Marx

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Group Members: Leslie-Ann Bolden, Michela Bowman, Sarah Kaufman, Danielle Jeanne Lindemann Selections from: The Marx-Engels Reader Karl Marx’s broad theoretical and political agenda is based upon a conception of human history that is fundamentally different from those of the social, and especially the philosophical, thinkers who came before him. Most importantly, Marx develops his agenda by drawing on and altering Hegel’s conception of the dialectical nature of the human experience. As Marx describes in his essay, “Contribution to the Critique of Hegel’s Philosophy of Right,” and again in the “Economic and Philosophical Manuscripts of 1844,” Hegel did little to base his ideas in the “real” history of man.1 Instead, Hegel’s theory of the nature of man is a “mystical” one. Hegel sees history as a story of man’s alienation from himself. The spirit (Geist, God), is the “true” nature of man, and man must bring the spirit (God) back into himself through the powers of thought (most specifically, philosophy). Drawing on this idea, and also on Feuerbach (see The German Ideology), Marx constructs his conception of history by “standing Hegel on his head.” Unlike Hegel, Marx regards God or spirit as the projection of man’s “true” self. To understand the true self of man, Marx argues, one must understand his “real,” social, material conditions. He states: “It is not the consciousness of men that determines their being, but, on the contrary, their social being that determines their consciousness” (4). From this idea, Marx proposes to understand the alienated state of man through an understanding of what he terms “historical materialism.” By understanding the material conditions of man through history, Marx argues, man can come to understand his social and political conditions. As he states, “The sum total of these [material] relations of production constitutes the economic structure of society, the real foundation, on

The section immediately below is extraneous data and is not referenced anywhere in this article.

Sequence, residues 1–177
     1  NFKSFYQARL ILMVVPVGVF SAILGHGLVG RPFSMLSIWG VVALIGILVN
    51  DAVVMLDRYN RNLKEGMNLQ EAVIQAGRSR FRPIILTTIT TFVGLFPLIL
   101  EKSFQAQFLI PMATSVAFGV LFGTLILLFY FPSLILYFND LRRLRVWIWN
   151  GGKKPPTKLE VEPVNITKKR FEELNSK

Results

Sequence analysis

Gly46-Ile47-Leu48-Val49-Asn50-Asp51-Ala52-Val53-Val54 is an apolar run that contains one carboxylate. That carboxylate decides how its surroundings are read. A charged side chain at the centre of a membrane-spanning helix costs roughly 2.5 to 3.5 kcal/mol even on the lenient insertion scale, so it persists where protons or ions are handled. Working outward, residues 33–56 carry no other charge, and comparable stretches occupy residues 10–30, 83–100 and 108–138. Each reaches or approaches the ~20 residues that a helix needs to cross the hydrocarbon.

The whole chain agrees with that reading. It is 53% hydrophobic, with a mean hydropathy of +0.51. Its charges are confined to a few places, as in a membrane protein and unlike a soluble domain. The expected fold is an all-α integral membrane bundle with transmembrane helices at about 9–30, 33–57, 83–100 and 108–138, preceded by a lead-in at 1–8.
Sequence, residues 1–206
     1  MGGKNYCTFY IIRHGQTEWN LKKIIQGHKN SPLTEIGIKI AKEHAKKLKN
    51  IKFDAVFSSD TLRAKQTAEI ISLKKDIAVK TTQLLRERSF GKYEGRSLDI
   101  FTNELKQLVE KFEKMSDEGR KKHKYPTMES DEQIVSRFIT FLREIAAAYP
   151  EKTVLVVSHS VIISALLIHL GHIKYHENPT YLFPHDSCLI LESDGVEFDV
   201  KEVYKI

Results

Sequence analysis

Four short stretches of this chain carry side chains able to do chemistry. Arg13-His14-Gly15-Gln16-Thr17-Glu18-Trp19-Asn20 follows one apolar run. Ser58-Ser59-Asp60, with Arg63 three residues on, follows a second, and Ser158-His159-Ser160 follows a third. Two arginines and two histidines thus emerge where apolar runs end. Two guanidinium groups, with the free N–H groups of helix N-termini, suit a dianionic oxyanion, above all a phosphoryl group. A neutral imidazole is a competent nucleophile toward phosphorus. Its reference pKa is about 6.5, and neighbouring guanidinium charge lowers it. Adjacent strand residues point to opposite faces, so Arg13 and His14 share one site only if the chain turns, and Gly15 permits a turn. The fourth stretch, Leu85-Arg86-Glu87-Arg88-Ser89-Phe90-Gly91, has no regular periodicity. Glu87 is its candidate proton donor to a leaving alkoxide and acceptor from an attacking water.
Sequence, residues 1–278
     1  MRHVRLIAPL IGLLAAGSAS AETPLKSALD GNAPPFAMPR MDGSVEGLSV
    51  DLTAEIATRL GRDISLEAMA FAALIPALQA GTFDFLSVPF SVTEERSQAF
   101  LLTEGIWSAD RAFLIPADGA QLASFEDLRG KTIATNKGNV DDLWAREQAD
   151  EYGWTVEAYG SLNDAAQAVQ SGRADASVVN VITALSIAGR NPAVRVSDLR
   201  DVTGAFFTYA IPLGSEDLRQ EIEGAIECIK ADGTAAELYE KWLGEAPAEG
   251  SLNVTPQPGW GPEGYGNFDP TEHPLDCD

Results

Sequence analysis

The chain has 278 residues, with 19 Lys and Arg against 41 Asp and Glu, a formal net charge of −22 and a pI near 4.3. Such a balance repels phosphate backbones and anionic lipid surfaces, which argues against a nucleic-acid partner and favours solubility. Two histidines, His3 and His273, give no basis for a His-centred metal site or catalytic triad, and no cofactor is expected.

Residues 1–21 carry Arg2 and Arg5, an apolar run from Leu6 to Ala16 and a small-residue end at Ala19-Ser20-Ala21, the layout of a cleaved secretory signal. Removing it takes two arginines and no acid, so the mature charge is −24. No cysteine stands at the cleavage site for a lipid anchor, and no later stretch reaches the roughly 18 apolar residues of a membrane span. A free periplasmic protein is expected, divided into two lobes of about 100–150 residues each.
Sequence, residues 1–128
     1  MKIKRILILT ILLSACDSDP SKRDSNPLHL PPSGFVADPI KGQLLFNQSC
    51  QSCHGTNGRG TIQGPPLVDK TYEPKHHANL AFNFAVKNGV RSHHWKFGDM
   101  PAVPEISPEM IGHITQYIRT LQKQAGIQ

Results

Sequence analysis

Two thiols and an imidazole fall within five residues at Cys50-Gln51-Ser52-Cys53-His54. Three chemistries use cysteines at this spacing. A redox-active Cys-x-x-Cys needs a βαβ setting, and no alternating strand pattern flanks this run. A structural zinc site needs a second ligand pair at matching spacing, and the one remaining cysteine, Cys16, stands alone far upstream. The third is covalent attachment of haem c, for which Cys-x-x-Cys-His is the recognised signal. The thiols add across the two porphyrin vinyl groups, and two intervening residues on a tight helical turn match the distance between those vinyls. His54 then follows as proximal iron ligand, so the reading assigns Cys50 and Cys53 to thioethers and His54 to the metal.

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The word ‘man’ is used here as a generic term to

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